Bridging the Gap
Bridging the Gap
Why do we need a student-led newspaper like The Bridge at PCC? This is a specific question that has roots in a more fundamental question: why do we need journalism?
The Fourth Estate, as it has been named, is an unofficial, grassroots extension of the government, and yet there are no elections for writers or editors; there is little public funding for local, community news; even the demand for hard-hitting journalism is down in favor of sensational drivel about who slept with whom, who uttered the latest inflammatory statement, or unfounded, unsubstantiated gossip about the celebrity-du-jour.
Journalists are crowd-sourced in the sense that those with the most views hold the most sway. However, less people opt into local news. Less people vote in local elections. Less people even know who their municipal representatives are, let alone what measures or bills they support. Civic engagement continues to founder while social media participation is skyrocketing, and whatever miniscule level of civic awareness that reaches the mainstream merely becomes another source for fake internet points.
We are less interested in the local policies that actually affect us than we are in the hyperlocal events in our daily routines that provide little more than a superficial connection to “friends” that we seldom interact with in a meaningful way, and an adrenaline rush from the validation we receive for having participated in these thinly-veiled, global advertising schemes.
Not all is lost, though, and not everyone is fully committed to this virtual game of pin-the-likes-on-the-social-media-darling. Some people vote, some people phone bank, some people write and talk to their representatives.
People with tangible stakes in their community, like property owners, are motivated to vote on ballot measures for tax increases and zoning ordinances because of the capital incentives. Apartment dwellers are less motivated to vote to rezone single family zones so that multifamily dwellings can be erected because adequate affordable housing only matters when we don’t have it, newcomers be damned. Additionally, we are unlikely to voice our opinions on whether the single-unit exemption for Relocation Assistance enacted last year should be lifted to protect the 24,000 households that would be adversely affected by this pro-landlord clause.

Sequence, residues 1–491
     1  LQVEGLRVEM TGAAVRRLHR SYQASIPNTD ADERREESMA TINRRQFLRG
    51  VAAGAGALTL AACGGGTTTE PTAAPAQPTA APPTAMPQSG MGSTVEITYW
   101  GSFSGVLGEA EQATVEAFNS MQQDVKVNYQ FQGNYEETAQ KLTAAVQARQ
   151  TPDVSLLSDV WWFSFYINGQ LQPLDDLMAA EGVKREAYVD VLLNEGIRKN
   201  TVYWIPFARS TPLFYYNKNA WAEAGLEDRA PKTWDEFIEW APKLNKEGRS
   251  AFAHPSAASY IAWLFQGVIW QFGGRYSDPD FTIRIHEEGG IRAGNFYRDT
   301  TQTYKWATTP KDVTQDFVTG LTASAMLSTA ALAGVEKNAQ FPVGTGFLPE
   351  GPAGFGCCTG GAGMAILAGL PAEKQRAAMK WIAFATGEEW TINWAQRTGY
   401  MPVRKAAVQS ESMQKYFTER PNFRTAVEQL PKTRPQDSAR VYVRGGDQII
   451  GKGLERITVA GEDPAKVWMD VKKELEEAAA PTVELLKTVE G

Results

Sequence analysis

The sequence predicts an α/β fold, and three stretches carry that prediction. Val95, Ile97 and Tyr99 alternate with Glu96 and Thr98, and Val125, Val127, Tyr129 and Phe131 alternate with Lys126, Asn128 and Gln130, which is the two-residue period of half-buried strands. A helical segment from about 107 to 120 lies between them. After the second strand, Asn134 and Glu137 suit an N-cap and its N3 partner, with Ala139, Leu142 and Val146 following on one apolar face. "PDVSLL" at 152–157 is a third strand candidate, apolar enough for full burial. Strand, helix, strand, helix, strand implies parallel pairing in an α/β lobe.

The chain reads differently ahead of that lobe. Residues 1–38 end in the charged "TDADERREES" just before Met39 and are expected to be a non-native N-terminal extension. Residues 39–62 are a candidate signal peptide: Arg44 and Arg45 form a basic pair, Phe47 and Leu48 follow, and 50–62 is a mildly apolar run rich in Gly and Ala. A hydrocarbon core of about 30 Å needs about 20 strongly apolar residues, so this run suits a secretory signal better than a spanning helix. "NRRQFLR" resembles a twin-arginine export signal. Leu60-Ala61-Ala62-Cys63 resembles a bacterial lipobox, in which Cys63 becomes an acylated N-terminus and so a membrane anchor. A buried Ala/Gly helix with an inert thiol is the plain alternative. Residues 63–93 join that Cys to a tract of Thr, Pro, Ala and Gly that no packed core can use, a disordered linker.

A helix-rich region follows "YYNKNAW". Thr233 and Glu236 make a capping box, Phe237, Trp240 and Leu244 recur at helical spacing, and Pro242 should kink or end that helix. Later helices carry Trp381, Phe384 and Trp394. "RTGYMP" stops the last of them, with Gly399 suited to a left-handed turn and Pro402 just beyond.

It is most often those with significant profit motives and deep pockets that shape local and national policies; their voices are amplified by the sheer volume of their campaign donations. Those dollars alchemically convert into legislative action, or lack thereof, which is bolstered by misinformation campaigns masquerading as peer-reviewed scientific data. What do we do when the information that makes actions understandable are corrupted by profit motives? This is where real investigative journalism and publications like The Bridge, as well as the other fine local news publications enter the arena.
Once upon a time PCC had a Journalism program and a fully-funded, student-led newspaper called The Bridge. Staff gained practical experience while gaining college credit, and provided quality news service that upheld accredited journalistic standards. The Bridge of today, however, is not The Bridge of yesteryear. The Bridge 2.0 is mostly funded by the Student Activity Fee and is dispersed by the District Student Council (DSC). In 2012, a clever and motivated former-PCC student body president named Doug Taylor “found” surplus money in the DSC coffers, and with the help of a few likeminded Panthers, including volunteer former faculty advisor Tony Greiner, established The Bridge web version. A serendipitous partnership with Signal Outdoor Advertising produced the funds needed to revive the print edition PCC enjoys today.
The Bridge continues to provide invaluable experiences to its staff of writers and editors, as well as content “by, for, about, or of interest to the students of PCC”, and yet it could be so much more if the college prioritized it like every other college in Oregon does theirs. Colleges and universities statewide provide administrative funding for their student-led newspapers. Their budgets are automatically allocated to these publications. They also proudly include links to their student newspapers on their websites. The Bridge must have its budget approved annually before it can begin operations. It operates via its own unaffiliated website and in print through ad revenues. The Bridge clearly has the support of the students; now it’s time for the college to acknowledge and support the student interests it claims to support.